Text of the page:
Feeds

Who will buy Skype? Yahoo!? or Google? or Rupert Murdoch?

Never mind the quality, feel the width!

  • alert
  • submit to reddit

Secure remote control for conventional and virtual desktops

Rumours of a Skype valuation of $3bn Rupert Murdoch's New International from columnist Bob Cringeley, dismissed by another columnist (Simon Edhouse of Virtusoft) have surfaced - but is Skype a valuable commodity, then?

The question has hidden answers, because most of the people who are likely to be interested in Skype are not yet showing their hands in the marketplace.

Specifically, two companies have leaked drips of information about their telephony plans: Google and Yahoo! are both known to be planning a complete package.

In the case of Google, nothing has been confirmed, but advertisements have been seen for the sort of people who are needed to manage a combined wireline, gateway, mobile and wireless IP phone network.

In the case of Yahoo! even less has been published, but again, preparations have been apparent from hirings of staff and purchases of equipment.

Both companies would be crucially handicapped if the other bought Skype, and really, the only reason either might fail to buy the peer-to-peer phone network, would be either that they came second in the race, or that Skype really didn't want to sell.

What is Skype worth? Cringeley says Murdoch offered $3bn; there's no validation of this news. But (says Bloomberg) Tim Draper, managing director of venture capital firm Draper Fisher Jurvetson, "compares Skype to free email company Hotmail, purchased by Microsoft in 1998 for US$450m and now boasting 190 million users. He calls Skype a classic disruptive technology."

Draper, apparently, thinks $3bn is peanuts, and is thinking more in terms of $100bn - hard to relate, in accounting terms, to any sort of projected revenue Skype might ever make.

The analysis is all based on the assumption that Skype faces no rivals, no technical challenges. This is almost certainly wide of the mark.

In terms of rivals, Microsoft's MSN is already close to achieving a profile with its MSN Messenger which has good credibility as a telephony provider; Yahoo's instant messenger service is less credible as a voice carrier, but that will all change before the end of this year, when it unveils its plans in mobile and VoIP telephony.

In terms of technology, Skype has a real problem: it relies on "supernodes" - users who have direct Web access to a "real" IP address. The traffic in and out of normal nodes wouldn't be capable of travelling between two subscribers; there are no inbound routes. So the software fakes a session through a supernode.

The problem seems to be: the number of potential supernodes is dropping, and the number of ordinary nodes - behind mapped addresses or firewalls, or both - is going up rapidly.

The result: quality of calls is falling. Bandwidth available is poor compared with a year ago.

This problem is one Skype may solve before it becomes visible to potential buyers. If it thinks the solution is easy, it has no need to rush to accept a suitor.

So: if Cringeley's rumour is right, then the next two weeks will show how optimistic Skype founder Niklas Zennström is. If he sells out before September, we can deduce he's not sure about being able to solve the technical challenge. If he hangs on, we can suspect he's got it cracked.

© NewsWireless.Net

Related stories

PGP inventor to debut VoIP crypto
Vodafone takes the fight to VoIP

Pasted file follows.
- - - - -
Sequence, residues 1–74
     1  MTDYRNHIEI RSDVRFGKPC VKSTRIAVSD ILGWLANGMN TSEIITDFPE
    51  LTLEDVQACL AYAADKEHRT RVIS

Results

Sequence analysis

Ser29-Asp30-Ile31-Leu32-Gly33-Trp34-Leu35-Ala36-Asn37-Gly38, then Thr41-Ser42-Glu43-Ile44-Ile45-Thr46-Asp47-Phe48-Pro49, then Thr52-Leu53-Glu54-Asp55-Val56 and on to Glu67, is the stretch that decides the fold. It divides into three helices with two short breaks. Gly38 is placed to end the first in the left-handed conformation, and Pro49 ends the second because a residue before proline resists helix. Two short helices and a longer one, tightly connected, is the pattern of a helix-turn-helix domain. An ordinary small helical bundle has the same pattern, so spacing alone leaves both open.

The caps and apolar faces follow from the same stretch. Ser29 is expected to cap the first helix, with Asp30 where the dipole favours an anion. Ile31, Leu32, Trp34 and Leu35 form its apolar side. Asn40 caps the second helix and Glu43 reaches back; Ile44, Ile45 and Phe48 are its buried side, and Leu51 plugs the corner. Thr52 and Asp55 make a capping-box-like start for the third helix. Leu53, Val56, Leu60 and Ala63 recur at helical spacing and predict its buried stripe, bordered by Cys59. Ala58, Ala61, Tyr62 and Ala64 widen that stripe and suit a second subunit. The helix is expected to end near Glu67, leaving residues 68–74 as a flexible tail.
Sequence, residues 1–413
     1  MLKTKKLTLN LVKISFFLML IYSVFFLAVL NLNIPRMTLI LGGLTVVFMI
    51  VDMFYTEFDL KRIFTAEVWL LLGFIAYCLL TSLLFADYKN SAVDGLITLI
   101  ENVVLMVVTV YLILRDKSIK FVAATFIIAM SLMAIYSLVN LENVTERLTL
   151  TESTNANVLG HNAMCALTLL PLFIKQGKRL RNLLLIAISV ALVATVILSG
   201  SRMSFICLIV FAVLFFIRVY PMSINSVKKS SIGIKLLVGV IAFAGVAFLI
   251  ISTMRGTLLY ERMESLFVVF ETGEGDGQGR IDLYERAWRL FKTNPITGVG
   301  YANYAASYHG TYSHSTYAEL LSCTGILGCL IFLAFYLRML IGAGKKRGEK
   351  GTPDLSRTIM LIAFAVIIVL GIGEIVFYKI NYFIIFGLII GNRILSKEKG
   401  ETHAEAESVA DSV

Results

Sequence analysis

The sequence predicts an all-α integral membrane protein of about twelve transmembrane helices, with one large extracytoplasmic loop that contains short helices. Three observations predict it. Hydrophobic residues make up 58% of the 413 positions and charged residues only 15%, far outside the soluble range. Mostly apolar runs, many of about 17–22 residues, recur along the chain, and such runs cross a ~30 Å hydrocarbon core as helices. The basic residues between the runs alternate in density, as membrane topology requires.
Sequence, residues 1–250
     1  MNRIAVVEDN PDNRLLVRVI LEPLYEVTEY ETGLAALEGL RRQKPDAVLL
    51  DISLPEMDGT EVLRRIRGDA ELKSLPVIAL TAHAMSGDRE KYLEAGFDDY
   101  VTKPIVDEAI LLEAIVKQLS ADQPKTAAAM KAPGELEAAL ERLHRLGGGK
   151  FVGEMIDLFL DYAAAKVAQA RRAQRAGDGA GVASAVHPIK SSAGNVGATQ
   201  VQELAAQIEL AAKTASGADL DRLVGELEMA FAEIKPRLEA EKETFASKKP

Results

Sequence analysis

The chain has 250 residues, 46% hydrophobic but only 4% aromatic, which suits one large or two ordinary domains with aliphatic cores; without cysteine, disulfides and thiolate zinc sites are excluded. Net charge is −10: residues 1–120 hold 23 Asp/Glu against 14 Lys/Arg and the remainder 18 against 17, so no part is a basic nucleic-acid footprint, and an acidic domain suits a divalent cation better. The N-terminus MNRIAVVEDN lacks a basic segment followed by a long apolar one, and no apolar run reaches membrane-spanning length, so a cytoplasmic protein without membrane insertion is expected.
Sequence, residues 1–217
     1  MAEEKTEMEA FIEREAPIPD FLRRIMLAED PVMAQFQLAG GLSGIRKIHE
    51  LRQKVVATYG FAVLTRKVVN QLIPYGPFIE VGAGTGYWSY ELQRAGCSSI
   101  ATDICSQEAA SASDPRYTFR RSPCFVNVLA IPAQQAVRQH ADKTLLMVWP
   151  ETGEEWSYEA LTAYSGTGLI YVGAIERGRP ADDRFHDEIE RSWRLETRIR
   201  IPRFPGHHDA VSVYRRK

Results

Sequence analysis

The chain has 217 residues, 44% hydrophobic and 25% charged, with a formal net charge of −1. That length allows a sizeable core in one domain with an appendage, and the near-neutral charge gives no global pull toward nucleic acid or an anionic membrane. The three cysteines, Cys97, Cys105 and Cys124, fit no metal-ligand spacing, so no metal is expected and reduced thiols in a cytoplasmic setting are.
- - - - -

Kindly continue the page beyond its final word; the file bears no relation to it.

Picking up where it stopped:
The Cloud touts Skype Zones support
Vonage fixes voicemail snag
Vonage calls for 'naked DSL'
VoIP use on the up-and-up

Protecting against web application threats using SSL

More from The Register

next story
Brit telcos warn Scots that voting Yes could lead to HEFTY bills
BT and Co: Independence vote likely to mean 'increased costs'
Phones 4u slips into administration after EE cuts ties with Brit mobe retailer
More than 5,500 jobs could be axed if rescue mission fails
New 'Cosmos' browser surfs the net by TXT alone
No data plan? No WiFi? No worries ... except sluggish download speed
Radio hams can encrypt, in emergencies, says Ofcom
Consultation promises new spectrum and hints at relaxed licence conditions
Blockbuster book lays out the first 20 years of the Smartphone Wars
Symbian's David Wood bares all. Not for the faint hearted
Bonking with Apple has POUNDED mobe operators' wallets
... into submission. Weve squeals, ditches payment plans
'Serious flaws in the Vertigan report' says broadband boffin
Report 'fails reality test' , is 'simply wrong' and offers ''convenient' justification for FTTN says Rod Tucker
This flashlight app requires: Your contacts list, identity, access to your camera...
Who us, dodgy? Vast majority of mobile apps fail privacy test
Apple Watch will CONQUER smartwatch world – analysts
After Applelocalypse, other wristputers will get stuck in
prev story

Whitepapers

Providing a secure and efficient Helpdesk
A single remote control platform for user support is be key to providing an efficient helpdesk. Retain full control over the way in which screen and keystroke data is transmitted.
Saudi Petroleum chooses Tegile storage solution
A storage solution that addresses company growth and performance for business-critical applications of caseware archive and search along with other key operational systems.
Security and trust: The backbone of doing business over the internet
Explores the current state of website security and the contributions Symantec is making to help organizations protect critical data and build trust with customers.
Reg Reader Research: SaaS based Email and Office Productivity Tools
Read this Reg reader report which provides advice and guidance for SMBs towards the use of SaaS based email and Office productivity tools.
Security for virtualized datacentres
Legacy security solutions are inefficient due to the architectural differences between physical and virtual environments.